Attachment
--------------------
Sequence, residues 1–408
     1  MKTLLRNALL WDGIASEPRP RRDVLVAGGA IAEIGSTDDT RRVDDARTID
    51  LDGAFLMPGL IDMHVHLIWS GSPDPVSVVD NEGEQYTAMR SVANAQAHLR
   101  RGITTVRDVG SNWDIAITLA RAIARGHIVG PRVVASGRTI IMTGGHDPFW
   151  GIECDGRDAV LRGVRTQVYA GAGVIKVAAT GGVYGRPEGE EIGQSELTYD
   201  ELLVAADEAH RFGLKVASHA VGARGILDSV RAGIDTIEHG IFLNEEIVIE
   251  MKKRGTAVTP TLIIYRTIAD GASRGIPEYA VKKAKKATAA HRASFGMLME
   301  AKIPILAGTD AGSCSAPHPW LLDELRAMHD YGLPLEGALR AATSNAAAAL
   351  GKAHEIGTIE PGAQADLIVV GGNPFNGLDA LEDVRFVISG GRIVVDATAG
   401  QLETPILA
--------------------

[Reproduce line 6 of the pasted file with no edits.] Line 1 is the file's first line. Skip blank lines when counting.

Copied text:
   201  ELLVAADEAH RFGLKVASHA VGARGILDSV RAGIDTIEHG IFLNEEIVIE